It’s very easy for leaders to wield power from a place of positional authority. And if we’re not careful, we’ll use that power to demean and demoralize people and destroy a spirit of teamwork. In his book, The Five Levels of Leadership, John Maxwell tells a great story from the life of George Washington.
Washington illustrated the power of servant leadership:
One day during the American Revolutionary War, George Washington rode up to a group of soldiers trying to raise a beam to a high position. The corporal who was overseeing the work kept shouting words of encouragement, but they couldn’t manage to do it. After watching their lack of success, Washington asked the corporal why he didn’t join in and help. The corporal replied quickly, “Do you realize that I am the corporal?” Washington very politely replied, “I beg your pardon, Mr. Corporal, I did.” Washington dismounted his horse and went to work with the soldiers until the beam was put into place. Wiping the perspiration from his face, he said, “If you should need help again, call on Washington, your commander in chief, and I will come.”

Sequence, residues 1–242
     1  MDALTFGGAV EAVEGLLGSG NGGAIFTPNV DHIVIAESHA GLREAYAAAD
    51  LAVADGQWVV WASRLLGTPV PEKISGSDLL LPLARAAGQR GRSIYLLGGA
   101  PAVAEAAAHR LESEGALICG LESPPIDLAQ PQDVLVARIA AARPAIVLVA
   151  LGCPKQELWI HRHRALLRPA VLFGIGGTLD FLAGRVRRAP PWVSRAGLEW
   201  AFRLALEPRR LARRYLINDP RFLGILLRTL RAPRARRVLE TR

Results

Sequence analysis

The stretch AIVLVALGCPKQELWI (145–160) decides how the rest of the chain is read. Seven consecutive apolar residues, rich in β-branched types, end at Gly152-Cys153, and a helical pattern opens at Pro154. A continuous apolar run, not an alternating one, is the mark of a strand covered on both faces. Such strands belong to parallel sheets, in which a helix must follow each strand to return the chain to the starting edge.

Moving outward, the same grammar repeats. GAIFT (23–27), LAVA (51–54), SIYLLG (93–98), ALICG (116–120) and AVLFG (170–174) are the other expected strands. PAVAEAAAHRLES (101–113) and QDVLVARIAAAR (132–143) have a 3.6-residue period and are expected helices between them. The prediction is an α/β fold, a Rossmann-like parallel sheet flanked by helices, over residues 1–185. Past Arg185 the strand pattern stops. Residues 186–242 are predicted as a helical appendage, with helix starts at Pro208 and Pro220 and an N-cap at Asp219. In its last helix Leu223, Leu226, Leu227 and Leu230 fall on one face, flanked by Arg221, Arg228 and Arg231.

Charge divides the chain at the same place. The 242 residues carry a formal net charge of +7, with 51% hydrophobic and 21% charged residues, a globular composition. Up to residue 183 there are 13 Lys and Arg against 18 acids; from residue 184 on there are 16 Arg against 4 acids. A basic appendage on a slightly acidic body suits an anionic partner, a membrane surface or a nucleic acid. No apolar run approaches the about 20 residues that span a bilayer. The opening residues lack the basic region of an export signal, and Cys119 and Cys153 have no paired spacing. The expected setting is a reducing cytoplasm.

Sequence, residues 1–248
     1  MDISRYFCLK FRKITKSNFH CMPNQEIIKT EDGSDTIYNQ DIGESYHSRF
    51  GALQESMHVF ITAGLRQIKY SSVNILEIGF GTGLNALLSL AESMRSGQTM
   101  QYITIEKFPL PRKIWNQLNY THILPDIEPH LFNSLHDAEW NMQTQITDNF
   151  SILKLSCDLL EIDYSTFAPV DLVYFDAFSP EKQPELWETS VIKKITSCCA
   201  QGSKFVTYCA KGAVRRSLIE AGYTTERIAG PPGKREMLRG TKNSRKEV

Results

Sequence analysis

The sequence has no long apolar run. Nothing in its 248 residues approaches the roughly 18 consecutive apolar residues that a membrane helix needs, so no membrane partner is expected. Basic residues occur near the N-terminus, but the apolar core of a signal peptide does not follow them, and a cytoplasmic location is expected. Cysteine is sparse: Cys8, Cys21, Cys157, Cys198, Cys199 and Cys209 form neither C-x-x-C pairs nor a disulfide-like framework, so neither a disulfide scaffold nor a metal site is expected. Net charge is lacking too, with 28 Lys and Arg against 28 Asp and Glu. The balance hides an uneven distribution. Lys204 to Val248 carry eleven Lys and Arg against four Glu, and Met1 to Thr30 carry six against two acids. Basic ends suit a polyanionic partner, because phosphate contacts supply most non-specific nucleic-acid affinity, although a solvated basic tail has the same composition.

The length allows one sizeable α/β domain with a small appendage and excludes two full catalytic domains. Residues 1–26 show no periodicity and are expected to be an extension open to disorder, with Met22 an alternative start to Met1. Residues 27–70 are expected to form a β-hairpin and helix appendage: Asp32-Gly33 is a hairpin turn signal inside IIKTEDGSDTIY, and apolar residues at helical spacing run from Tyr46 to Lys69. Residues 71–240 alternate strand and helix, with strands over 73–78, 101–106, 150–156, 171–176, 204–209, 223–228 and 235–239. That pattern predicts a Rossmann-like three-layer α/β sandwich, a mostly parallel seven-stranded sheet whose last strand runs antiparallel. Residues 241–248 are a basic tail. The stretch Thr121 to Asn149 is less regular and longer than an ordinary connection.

Servant leadership is not just words we type on a corporate values statement. It is action. It is the humility to actually serve alongside the people who signed up to serve us. It’s the gratitude to serve people who sacrifice day in and day out. And it’s the generosity of spirit to serve those who have nothing to offer to us.
The next time you’re tempted to stay in your ivory tower and shout your encouragement from the comfort of your office chair, remember Washington. Dismount and serve.